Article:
raise money for its group is invited to attend and set up a table, from where its items may be sold.  

      The store is a delightful trip back though the years with pickles stored in ceramic crocks, country jams and
    jellies, antique toys, sewing and artists' supplies, school supplies, roasted peanuts and other similar items
    displayed.  

      In addition to the newspapers and penny candy, the store has magazines and books. Soda and milk are sold
    and bulk products range from rabbit pellets to lawn seed, tools and hardware items.  

      The tobacco, candy and newspaper selections have been expanded and include numerous additional brands
    and types.  

      Goals planned for the store are first to continue to expand as a news agency which is the store's primary
    function and secondly, like the early country store, to become a place which has a little bit of everything.  

      The owners specialize in items produced by local small business persons. Already available is milk in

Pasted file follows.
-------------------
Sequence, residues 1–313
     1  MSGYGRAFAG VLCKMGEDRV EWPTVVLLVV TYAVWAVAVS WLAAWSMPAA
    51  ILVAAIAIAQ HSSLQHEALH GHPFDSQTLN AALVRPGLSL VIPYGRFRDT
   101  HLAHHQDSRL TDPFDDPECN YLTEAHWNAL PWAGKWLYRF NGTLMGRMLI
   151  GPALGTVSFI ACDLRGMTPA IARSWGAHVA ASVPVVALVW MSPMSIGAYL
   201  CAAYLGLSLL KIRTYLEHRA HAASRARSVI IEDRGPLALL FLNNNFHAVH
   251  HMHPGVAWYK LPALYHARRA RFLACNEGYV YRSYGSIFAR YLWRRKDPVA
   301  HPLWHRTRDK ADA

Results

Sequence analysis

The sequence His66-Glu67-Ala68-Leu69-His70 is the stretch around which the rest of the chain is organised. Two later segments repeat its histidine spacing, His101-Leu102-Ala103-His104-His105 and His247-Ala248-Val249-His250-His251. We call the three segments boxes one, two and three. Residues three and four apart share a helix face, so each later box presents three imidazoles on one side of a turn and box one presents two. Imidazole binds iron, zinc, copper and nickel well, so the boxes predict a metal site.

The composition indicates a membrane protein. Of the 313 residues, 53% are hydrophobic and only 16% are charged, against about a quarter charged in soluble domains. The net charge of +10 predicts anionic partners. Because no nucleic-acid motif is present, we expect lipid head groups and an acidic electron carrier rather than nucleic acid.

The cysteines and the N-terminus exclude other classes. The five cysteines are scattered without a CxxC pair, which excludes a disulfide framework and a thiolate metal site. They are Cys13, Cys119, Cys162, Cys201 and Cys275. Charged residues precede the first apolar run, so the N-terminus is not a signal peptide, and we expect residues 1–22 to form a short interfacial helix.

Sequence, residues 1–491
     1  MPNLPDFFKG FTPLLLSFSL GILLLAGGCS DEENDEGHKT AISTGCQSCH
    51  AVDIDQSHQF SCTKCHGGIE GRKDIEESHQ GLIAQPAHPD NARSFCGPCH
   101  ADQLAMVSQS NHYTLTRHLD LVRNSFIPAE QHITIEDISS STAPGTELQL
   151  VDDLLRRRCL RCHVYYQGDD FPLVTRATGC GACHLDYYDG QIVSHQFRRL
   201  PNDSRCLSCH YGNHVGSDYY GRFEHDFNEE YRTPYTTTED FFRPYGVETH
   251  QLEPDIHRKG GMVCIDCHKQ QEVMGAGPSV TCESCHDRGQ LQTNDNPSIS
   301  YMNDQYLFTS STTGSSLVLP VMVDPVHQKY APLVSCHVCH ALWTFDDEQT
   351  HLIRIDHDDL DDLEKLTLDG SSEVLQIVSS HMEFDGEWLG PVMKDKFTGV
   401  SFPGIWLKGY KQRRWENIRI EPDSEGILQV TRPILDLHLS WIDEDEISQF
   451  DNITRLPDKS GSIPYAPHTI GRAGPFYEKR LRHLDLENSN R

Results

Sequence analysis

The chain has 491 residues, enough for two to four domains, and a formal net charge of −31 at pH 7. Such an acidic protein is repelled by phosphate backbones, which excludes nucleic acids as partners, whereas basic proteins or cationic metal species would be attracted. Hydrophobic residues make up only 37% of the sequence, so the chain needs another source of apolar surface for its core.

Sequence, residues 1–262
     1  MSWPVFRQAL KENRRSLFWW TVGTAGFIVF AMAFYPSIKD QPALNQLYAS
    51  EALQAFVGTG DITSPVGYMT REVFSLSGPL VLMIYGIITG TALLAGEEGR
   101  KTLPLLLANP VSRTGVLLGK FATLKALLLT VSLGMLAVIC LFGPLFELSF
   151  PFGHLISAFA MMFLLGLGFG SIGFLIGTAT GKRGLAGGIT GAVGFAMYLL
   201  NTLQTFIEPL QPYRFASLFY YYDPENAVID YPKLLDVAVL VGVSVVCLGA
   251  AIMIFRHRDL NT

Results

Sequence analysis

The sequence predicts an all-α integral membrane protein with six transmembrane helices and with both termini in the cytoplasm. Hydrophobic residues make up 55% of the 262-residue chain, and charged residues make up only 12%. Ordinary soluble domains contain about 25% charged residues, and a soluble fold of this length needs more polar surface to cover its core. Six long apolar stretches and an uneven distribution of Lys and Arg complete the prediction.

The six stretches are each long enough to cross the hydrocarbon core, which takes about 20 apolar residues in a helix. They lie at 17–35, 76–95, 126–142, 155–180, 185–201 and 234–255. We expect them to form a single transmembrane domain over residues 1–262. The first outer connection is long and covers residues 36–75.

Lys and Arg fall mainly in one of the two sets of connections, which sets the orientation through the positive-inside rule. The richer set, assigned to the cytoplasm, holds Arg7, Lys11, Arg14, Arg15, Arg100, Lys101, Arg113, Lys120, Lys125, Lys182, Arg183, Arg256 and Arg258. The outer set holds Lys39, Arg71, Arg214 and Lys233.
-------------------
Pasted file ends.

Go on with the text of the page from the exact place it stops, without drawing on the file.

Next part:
returnable glass bottles supplied by Town Line Dairy, donuts, breads and pies, homemade by Bill Toby of Upton,
    a former Draper Corp. employee and handcrafter ceramic bells and hanging flowerpots made by potter
    Lawrence DeJong.  

      Walls, ceilings, and windows have been completely replaced and the old wooden floor was sanded down to its
    original surface. All the shelves and racks were built-in, made out of pine. A pine counter and display windows
    were added. Everything was hand built for a specific purpose, including the cigarette racks, which were made of
    wood.  

      Finishing touches made this week at the store were to complete the back room, which has never been open to
    customers before. It had been equipped with plants and tools.  

      The back room has been labeled "The Barn."  The old oak candy case is the one piece of furniture which